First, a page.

There is the way that men look at the world and then there is God’s point of view. Fallen and sinful humanity see’s things for self serving benefits, which includes justifying things that are intrinsically wrong by God’s law. God is the author of all things and that includes all that is right, and good, and holy. “So then, the law is holy, and the commandment is holy, righteous, and good.” (Romans 7:12) Man is ever looking outward, seeking the prize of self accomplishments, desiring high self esteem, as if he himself were the author and creator of all things. However, such honor is reserved for God alone.
Apart from God, man is unable to look within and understand the true nature of his sinful soul, and for this reason he seeks outward accomplishments as a proof of his inward goodness. But Jesus declared that man on the inside is sinfully corrupt and for this reason He had to sacrifice Himself. He made this distinction between the outward and the inward when He said,
“Now when Jesus had left the crowd and entered the house, his disciples asked him about the parable. 7:18 He said to them, “Are you so foolish? Don’t you understand that whatever goes into a person from outside cannot defile him? 7:19 For it does not enter his heart but his stomach, and then goes out into the sewer.” (This means all foods are clean.) 7:20 He said, “What comes out of a person defiles him. 7:21 For from within, out of the human heart, come evil ideas, sexual immorality,theft, murder, 7:22 adultery, greed, evil, deceit, debauchery, envy, slander,pride, and folly. 7:23 All these evils come from within and defile a person.”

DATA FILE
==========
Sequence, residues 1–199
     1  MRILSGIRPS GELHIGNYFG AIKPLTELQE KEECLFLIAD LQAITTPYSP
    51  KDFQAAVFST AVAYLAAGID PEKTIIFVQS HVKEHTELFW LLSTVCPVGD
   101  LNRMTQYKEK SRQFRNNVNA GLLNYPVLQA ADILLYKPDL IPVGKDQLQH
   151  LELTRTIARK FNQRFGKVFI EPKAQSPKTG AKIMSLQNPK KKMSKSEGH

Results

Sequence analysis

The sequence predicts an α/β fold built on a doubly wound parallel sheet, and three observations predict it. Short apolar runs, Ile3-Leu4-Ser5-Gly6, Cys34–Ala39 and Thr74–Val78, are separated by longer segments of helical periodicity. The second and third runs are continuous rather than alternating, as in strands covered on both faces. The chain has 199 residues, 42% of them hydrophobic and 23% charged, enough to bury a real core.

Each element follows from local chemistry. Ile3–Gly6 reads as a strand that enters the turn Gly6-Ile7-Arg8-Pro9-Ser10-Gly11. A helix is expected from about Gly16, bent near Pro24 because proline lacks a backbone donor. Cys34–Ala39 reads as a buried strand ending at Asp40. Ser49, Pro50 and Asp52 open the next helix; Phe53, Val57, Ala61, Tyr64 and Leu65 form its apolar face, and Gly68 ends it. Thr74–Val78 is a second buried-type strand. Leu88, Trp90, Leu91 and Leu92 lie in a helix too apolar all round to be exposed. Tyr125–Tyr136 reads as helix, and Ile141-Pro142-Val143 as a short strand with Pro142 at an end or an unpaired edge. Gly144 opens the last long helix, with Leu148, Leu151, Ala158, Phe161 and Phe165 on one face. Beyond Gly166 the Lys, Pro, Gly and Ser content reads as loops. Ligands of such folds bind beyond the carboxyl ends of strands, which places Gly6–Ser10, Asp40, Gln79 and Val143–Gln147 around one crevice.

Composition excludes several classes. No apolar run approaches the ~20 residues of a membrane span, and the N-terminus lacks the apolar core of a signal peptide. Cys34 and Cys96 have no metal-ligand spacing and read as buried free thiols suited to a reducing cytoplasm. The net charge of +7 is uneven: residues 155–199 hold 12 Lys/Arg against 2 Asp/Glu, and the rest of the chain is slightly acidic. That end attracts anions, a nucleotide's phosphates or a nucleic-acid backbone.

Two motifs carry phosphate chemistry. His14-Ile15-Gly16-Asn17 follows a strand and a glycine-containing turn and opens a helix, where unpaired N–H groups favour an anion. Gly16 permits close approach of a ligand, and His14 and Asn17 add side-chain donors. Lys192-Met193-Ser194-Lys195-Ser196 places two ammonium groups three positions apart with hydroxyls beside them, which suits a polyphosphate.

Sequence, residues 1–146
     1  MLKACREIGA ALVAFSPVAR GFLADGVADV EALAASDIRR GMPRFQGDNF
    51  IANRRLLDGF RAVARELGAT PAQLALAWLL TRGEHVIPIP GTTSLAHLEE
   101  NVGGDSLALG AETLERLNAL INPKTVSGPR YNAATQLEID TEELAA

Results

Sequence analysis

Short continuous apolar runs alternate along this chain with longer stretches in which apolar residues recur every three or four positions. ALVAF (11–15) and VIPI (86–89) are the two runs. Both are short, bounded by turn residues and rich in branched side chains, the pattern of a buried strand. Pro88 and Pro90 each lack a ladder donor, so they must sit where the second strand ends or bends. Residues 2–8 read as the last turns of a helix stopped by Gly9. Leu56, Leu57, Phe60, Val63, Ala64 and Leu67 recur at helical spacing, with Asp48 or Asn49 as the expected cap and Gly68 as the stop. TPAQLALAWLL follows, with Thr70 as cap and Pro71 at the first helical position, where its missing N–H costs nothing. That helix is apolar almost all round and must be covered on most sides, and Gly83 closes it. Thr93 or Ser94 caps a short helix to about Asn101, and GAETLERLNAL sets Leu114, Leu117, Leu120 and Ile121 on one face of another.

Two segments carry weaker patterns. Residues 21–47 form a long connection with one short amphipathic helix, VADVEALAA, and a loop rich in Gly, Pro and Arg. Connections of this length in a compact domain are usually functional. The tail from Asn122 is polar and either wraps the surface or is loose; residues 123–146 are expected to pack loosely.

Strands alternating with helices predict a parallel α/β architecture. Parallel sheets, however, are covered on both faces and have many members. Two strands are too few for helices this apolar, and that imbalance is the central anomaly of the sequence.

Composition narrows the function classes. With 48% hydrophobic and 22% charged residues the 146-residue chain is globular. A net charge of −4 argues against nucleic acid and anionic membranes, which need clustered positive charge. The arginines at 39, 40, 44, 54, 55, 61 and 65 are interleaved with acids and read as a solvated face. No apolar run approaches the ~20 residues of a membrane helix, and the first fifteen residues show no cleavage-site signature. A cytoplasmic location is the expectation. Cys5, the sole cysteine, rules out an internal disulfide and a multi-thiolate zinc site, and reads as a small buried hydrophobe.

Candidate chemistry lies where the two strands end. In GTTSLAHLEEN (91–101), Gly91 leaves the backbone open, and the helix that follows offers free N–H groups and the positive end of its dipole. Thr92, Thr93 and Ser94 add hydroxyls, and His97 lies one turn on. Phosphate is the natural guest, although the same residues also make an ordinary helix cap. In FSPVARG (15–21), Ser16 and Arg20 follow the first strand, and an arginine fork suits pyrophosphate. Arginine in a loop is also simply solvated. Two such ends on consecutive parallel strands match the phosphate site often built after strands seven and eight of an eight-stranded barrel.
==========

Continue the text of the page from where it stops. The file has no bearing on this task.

The religious leaders of Jesus’ day directed the people to outward observances of their own making rather than to the corruption that dwelt within their own hearts. God’s first concern is with the state of man on the inside, because it is from their that outward behavior is determined. Also good behavior can still be corrupt when inward motivation is evil.
In this present passage Christ condemned the religious leaders for commending outward obedience when the motive behind such behavior is self righteousness and not a righteousness given by God. In the New Testament there is the conversion of one Pharisee, (Saul who became the apostle Paul), by which there was a complete transformation of his soul, which included how he understood justification in the sight of God.
“In my zeal for God I persecuted the church. According to the righteousness stipulated in the law I was blameless. 3:7 But these assets I have come to regard as liabilities because of Christ. 3:8 More than that, I now regard all things as liabilities compared to the far greater value of knowing Christ Jesus my Lord, for whom I have suffered the loss of all things – indeed, I regard them as dung! – that I may gain Christ, 3:9 and be found in him, not because I have my own righteousness derived from the law, but because I have the righteousness that comes by way of Christ’s faithfulness – a righteousness from God that is in fact based on Christ’s faithfulness.” (Philippians 3: 6-13)
Have you had such a transformation in your thinking? Do you seek to justify yourself through the things you do? Are you resting in the life and work of Christ a the means of your justification? Have you come to understand the wickedness of your own sin and have you sought refuge in the substitutionary death of Christ? Or are you living out of a sense of your own goodness?